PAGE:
Eating lunch at your desk while also checking emails and talking on the phone is one symptom. So is doing something else while on conference calls, or even while brushing your teeth. We all find ourselves multitasking now and then, but what about habitually interrupting someone who is talking, or always getting frustrated in a checkout line or in traffic, even when it’s moving along smoothly? When microwaving something for 30 seconds, do you feel the urge to find something else to do while you wait?


If one or more of these sounds all too familiar, you probably have a bad case of a malady that psychologists have dubbed “hurry sickness.”

Kenneth Mikkelsen's insight:

Are we losing the ability to stand back and think, and to work smarter rather than harder?



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Better Behaved Behavioral Models

Better Behaved Behavioral Models | Knowledge Broker | Scoop.it

We often can’t rely on ourselves to act rationally. We know this, but influential social science models have a bad habit of ignoring it. We evolved to frequently act without “deciding.” We are habit-formers and habit-farmers.

Kenneth Mikkelsen's insight:

Force of habit shapes our lives. Shouldn’t it also shape how our sciences model us?


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The Island of Knowledge: How to Live with Mystery in a Culture Obsessed with Certainty and Definitive Answers

The Island of Knowledge: How to Live with Mystery in a Culture Obsessed with Certainty and Definitive Answers | Knowledge Broker | Scoop.it

Because much of Nature remains hidden from us, our view of the world is based only on the fraction of reality that we can measure and analyze. Science, as our narrative describing what we see and what we conjecture exists in the natural world, is thus necessarily limited, telling only part of the story.


We strive toward knowledge, always more knowledge, but must understand that we are, and will remain, surrounded by mystery. It is the flirting with this mystery, the urge to go beyond the boundaries of the known, that feeds our creative impulse, that makes us want to know more.


Kenneth Mikkelsen's insight:

A curated story by Maria Popova from Brain Pickings of astrophysicist and philosopher Marcelo Gleiser's book: The Island of Knowledge: The Limits of Science and the Search for Meaning.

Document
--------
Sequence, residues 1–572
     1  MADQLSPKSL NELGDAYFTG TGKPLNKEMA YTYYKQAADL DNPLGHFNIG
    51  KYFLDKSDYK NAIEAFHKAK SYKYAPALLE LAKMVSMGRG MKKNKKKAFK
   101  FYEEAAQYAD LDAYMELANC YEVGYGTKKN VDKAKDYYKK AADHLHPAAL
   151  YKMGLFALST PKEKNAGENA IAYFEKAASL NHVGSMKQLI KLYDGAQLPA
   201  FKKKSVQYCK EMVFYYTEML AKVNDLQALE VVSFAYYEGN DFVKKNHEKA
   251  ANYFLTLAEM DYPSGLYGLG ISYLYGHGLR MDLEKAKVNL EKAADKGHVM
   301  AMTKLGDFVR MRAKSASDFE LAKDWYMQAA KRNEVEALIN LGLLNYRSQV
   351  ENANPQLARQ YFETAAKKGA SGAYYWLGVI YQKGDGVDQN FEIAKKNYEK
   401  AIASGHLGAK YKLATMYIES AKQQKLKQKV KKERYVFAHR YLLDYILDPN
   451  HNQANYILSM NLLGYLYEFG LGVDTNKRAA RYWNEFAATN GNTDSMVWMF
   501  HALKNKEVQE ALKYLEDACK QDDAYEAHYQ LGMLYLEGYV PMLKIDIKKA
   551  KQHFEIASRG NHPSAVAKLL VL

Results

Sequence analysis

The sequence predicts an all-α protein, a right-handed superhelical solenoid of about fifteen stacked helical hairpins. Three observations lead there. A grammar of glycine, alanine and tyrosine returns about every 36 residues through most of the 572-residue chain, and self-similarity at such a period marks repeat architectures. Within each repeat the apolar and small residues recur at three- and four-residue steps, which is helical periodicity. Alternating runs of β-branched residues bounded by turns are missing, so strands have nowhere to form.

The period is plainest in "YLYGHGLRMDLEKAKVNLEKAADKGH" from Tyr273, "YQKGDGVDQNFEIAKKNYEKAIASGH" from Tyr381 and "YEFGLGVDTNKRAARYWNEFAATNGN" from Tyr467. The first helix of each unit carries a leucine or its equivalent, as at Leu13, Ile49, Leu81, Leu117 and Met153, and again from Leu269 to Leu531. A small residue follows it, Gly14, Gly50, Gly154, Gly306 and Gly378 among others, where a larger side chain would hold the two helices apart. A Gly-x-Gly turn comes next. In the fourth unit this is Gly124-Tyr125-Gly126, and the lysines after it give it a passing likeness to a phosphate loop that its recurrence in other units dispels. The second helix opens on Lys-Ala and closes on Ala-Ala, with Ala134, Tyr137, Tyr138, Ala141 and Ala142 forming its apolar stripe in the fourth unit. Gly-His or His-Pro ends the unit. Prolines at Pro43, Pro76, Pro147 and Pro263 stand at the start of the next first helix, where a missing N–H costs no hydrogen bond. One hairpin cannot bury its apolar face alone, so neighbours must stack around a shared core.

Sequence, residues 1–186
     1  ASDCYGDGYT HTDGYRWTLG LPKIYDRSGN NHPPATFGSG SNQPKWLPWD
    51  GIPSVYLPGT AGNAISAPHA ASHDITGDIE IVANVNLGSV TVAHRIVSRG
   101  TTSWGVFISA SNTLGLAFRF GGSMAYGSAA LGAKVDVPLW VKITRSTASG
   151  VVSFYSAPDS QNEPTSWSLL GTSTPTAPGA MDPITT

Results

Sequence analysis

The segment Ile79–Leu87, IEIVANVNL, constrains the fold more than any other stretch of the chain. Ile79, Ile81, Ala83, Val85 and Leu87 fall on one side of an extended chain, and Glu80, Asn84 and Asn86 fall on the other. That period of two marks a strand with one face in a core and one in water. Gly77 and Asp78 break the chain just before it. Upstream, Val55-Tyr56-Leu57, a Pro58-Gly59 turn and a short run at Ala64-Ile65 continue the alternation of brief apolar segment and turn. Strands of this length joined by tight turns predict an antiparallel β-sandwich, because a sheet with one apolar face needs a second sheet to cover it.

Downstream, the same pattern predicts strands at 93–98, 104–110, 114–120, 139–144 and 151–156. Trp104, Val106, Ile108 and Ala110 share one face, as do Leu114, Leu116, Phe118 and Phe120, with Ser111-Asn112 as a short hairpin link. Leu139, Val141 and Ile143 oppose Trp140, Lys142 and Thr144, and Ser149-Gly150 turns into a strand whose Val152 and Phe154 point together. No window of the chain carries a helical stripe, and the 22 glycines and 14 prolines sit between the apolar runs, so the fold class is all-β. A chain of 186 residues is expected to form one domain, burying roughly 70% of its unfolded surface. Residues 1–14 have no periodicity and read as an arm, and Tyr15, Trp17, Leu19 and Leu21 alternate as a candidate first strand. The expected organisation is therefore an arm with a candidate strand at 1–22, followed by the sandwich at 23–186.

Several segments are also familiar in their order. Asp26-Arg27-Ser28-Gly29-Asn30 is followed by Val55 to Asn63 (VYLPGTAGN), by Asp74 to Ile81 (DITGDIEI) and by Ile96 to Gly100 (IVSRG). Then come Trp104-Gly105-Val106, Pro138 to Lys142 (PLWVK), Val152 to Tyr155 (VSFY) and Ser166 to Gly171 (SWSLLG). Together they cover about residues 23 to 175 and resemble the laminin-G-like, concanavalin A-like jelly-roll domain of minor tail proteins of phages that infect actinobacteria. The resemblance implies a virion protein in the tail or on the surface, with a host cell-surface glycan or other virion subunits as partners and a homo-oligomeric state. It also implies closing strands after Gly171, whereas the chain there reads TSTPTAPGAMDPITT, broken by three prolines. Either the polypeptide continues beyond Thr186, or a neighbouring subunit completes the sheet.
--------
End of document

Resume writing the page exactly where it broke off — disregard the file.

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Jason Leong's curator insight, February 4, 3:04 AM

"Gleiser admonishes against the limiting notion that we only have two options — staunch scientism, with its blind faith in science’s ability to permanently solve the mysteries of the unknown, and religious obscurantism, with its superstitious avoidance of inconvenient facts. Instead, he offers a third approach “based on how an understanding of the way we probe reality can be a source of endless inspiration without the need for setting final goals or promises of eternal truths.” In an assertion that invokes Sagan’s famous case for the vital balance between skepticism and openness, Gleiser writes:


'This unsettled existence is the very blood of science. Science needs to fail to move forward. Theories need to break down; their limits need to be exposed. As tools probe deeper into Nature, they expose the cracks of old theories and allow new ones to emerge. However, we should not be fooled into believing that this process has an end.'"

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Do You Have a Fixed Mindset? Here’s How to Change It

Do You Have a Fixed Mindset? Here's How to Change It - Better Humans - Medium

Have you ever wondered why some people realise their potential while others who are just as talented don’t?

Kenneth Mikkelsen's insight:

People with the growth mindset aren’t discouraged by failure; they don’t even think about it. They know they’re learning.

They don’t just seek challenge; they thrive on it.

They understand that their talents and abilities can be developed through effort, good teaching and persistence.

Watch also these two videos with Carol Dweck: 


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Cara Moulds's curator insight, February 7, 7:43 PM

My whole school system is reading Mindset: The New Psychology of Success to increase student achievement. 

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Bad Day at the Office

This modern man's theater of conflict: The office."


Wes Anderson meets Lars Von Trier in this hilarious short film about corporate life.


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Reinvent Yourself

Reinvent Yourself | Knowledge Broker | Scoop.it

Major life changes are never easy, because your instincts and the urgent matters of the day work against you. But when you learn to focus on your future self, you'll be surprised at what you can achieve.